Seymour Joyce was another who volunteered for service in World War 1, having already been a Regular soldier for 21 years. He was born in Fritwell near Bicester in 1864 and when he joined the 3rd (Militia) Battalion of the Royal Berkshire Regiment at the stated age of 17 on 19 November 1881 was living in Steventon with an uncle as an out of work agricultural labourer. His medical examination record at the time gives an apparent age of 16 and describes him as being 5ft 5ins tall with a chest measurement of 32 inches, brown hair, grey eyes and a fresh complexion. He later bought himself out of the Militia and joined the Regular Army in the Royal Berkshire Regiment on 26 May 1887, when his height is given as 5ft 7ins, chest measurement 34ins, eyes hazel and place of birth as Steventon. He served in Ireland, Malta, Bermuda, Halifax (Nova Scotia) and St Lucia. He married Constance Callas at the parish church in Steventon on 16 March 1901 and Alice Constance was born on 31 October 1904 and George Frederick on 5 November 1906. He was discharged from the Army with exemplary character on 25 May 1908. His height was then given as 5ft 8ins and his chest as 38ins. He was awarded the Long Service and Good Conduct Medal and a pension of 2s 7½d a day. The family came to live at 32 North Street and a third child, Alfred, was born there in 1912. Seymour was a sawyer at the Timber Yard. He re-enlisted in the 4th Battalion Royal Berkshire Regiment on 12 October 1914 at the age of 48 and was appointed Lance Corporal on 7 November. He appears not to have gone overseas with the battalion, no doubt because of his age, and was probably transferred to the Supernumerary Company in April 1916 and to the 14th Battalion Royal Defence Corps on 11 August 1917 on its formation.  He was discharged as physically unfit with a double hernia and lumbago attributed to war service on 18 January 1919 and awarded the Silver War Badge, a gratuity of £52 10s and a weekly allowance of 4s 9d for the 3 children. He later worked as a storeman at the RAF maintenance depot at Abingdon and died at Steventon on 19 March 1952 from peritonitis, at which time he and Constance lived with their son Alfred.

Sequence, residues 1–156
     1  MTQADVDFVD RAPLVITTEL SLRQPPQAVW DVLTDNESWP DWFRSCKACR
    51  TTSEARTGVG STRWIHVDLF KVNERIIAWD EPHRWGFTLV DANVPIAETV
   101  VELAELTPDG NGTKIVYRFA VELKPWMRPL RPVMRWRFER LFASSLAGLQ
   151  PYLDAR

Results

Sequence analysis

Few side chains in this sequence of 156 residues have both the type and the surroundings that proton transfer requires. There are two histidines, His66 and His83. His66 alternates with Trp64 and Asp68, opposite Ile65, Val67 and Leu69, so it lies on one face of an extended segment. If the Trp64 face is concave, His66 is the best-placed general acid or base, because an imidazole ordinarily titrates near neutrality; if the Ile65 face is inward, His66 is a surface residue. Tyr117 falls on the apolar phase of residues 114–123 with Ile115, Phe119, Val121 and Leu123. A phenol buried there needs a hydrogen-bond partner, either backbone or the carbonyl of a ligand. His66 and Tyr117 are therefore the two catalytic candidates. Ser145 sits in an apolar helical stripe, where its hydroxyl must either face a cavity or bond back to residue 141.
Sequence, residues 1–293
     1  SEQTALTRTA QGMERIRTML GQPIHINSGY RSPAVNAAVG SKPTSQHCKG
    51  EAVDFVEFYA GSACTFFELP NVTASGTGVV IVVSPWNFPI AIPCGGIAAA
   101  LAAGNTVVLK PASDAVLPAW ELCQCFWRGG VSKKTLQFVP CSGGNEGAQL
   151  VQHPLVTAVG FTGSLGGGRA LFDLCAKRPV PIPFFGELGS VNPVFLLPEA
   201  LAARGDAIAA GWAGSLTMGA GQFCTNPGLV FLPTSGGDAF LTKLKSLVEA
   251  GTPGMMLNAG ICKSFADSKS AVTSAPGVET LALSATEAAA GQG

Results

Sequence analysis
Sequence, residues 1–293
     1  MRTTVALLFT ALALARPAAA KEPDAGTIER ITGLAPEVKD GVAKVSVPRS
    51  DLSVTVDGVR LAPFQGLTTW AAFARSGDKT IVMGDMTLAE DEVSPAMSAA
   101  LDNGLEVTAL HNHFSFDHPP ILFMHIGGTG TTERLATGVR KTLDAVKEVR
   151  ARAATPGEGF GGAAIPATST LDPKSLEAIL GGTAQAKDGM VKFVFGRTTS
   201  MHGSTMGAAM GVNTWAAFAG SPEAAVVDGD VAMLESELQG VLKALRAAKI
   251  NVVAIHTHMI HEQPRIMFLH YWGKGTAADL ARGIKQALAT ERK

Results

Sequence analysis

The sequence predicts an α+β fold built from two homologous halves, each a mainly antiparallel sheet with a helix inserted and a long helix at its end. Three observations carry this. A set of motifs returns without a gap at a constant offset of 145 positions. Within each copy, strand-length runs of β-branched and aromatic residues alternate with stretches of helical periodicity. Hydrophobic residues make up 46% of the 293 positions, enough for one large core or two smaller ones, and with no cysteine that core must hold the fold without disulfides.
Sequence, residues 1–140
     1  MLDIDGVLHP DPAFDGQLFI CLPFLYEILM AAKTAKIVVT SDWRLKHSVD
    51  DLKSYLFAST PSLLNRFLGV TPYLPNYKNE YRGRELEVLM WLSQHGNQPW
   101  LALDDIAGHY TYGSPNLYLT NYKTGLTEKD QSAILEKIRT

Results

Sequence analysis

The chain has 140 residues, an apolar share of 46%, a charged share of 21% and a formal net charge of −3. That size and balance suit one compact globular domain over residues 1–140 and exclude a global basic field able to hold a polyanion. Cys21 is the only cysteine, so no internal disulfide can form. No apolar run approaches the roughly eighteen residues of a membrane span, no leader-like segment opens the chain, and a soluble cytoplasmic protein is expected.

Alfred Lamperd was born in 1875 at Burghfield where his father Edward was a brick-maker. They moved to Goff’s Farm Cottages on the Beenham Road, Common Hill in 1880 and when they were demolished in 1892 to the new cottages at Wimbleton’s. Alfred attended the village school and became a painter and decorator for the Estate. He married Minnie Nixon, daughter of a Reading shopkeeper in 1908, and the couple lived in Theale at first because of a shortage of houses in Englefield, but moved to 33 North Street in 1915. He was a bell-ringer and sang in the choir at St Mark’s and was involved with both the football and cricket clubs. He also served as a member of the VAD at the Englefield hospital until his call-up for the First World War. Alf Lamperd was not eligible to enlist until after the Military Service Act of 1916 introduced conscription, raised the maximum age to 41 and included married men. He served first with the Royal Engineers and then with the Durham Light Infantry. He was wounded in 1918 but survived the War and in 1939 was living at 52 Parker’s Corner. He died in 1957.

© 2019 Richard J Smith

Englefield History
Englefield History
Englefield History
Englefield History